Losing a loved one is a difficult experience. Yet, during this time, you must complete a variety of tasks and make important financial decisions. The following checklist may help guide you through the matters that must be attended to.
If you have lost someone you love, it's difficult to know what to do next. In addition to the emotional stress of losing someone close to you, you may also be dealing with financial issues you weren't prepared for. Take some advice from a recent article in the Des Moines Register titled "Important financial steps to take following a death." The article contains a helpful checklist to help guide you through the matters that will need attention.
Here are some of the initial tasks:
- Contact family members, friends, and clergy;
- Make funeral, burial, or cremation arrangements (there may be final wishes detailed in his or her will or estate planning documents);
- Notify family and friends of final arrangements;
- Contact the deceased's workplace, union, and professional and volunteer organizations;
- Talk to your employer about bereavement leave;
- Place an obituary in the local paper;
- Notify your Estate Planning Attorney; and
- Obtain certified copies of the death certificate (needed when applying for benefits and settling the estate).
You should also take a look at your loved one’s financial records to see if you can locate his or her estate planning documents. While you are at it, be sure to collect deeds, insurance policies, titles, marriage certificate (if relevant), birth or adoption certificates of children, and military discharge papers.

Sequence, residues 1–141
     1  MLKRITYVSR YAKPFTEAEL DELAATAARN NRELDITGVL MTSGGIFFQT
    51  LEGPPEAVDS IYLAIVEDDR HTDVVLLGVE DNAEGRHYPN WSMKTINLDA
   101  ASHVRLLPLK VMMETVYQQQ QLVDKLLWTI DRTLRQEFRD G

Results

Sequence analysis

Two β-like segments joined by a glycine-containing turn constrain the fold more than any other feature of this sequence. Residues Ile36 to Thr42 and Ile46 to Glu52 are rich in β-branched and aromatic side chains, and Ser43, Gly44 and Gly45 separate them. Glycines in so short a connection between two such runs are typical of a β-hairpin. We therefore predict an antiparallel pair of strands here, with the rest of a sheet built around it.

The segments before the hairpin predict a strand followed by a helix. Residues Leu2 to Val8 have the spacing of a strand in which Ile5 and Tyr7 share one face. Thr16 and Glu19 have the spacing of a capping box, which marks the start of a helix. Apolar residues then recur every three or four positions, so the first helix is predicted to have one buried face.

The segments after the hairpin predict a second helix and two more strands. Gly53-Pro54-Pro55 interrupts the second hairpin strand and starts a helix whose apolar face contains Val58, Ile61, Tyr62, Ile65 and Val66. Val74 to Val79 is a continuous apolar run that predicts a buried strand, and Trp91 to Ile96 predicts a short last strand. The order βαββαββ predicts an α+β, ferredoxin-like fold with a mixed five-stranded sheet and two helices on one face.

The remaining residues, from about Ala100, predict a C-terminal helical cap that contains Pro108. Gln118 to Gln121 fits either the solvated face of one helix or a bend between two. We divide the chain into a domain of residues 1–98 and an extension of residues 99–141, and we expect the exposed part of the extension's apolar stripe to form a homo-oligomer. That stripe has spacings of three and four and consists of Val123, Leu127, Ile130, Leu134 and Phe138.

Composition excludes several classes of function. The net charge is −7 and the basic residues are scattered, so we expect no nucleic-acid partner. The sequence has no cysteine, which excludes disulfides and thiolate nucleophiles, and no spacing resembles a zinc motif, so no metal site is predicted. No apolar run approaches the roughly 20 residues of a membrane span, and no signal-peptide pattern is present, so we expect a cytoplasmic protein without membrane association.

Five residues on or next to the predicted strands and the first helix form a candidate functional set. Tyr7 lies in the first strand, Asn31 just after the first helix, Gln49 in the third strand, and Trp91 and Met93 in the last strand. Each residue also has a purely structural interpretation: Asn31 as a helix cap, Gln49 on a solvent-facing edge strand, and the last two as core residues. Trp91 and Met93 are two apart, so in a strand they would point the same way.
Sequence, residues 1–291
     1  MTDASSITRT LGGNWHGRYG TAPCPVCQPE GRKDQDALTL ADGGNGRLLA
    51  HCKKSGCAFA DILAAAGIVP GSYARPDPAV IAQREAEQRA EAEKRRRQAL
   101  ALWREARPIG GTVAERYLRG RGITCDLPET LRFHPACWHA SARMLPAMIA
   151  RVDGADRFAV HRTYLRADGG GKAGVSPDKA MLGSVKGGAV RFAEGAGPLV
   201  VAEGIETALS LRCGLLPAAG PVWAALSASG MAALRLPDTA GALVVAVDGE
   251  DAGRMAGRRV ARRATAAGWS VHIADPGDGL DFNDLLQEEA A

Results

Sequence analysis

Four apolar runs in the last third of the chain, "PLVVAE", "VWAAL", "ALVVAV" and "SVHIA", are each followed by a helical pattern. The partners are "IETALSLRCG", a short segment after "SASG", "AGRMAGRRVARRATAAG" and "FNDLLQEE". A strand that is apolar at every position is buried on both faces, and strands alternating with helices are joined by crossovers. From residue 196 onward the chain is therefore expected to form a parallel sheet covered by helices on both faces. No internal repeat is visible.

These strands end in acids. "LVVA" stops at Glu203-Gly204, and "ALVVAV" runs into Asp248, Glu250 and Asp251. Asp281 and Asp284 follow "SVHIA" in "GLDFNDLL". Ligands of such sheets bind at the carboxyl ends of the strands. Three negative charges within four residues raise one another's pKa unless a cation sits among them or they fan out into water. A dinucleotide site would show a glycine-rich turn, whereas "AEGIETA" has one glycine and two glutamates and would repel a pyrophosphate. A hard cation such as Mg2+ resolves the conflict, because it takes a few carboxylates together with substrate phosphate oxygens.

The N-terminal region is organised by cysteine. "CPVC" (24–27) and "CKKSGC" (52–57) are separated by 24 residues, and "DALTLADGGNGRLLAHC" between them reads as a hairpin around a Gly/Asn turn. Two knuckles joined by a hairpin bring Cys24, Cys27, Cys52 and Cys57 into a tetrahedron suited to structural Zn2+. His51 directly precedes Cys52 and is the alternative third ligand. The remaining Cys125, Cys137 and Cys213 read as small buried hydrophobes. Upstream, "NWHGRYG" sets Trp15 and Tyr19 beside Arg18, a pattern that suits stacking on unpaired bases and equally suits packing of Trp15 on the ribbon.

Report the death to the Social Security Administration. If your loved one was receiving benefits via direct deposit, ask the bank to return funds received for the month of death and after that to Social Security. Do not cash any Social Security checks received by mail, and return them ASAP.
The original article recommends making a list of assets and placing safeguards on them to protect any property. See to it that the mortgage and insurance payments are paid while the estate is being settled.
Within one or two months after death, you should meet with your estate planning attorney to determine if probate is required and update your estate planning documents.
These are some very valuable steps to keep in mind when a loved one dies. Read the original article for more information. If you have not organized and planned your own estate, then there is no time like the present.
Reference: Des Moines Register (August 19, 2014)"Important financial steps to take following a death"
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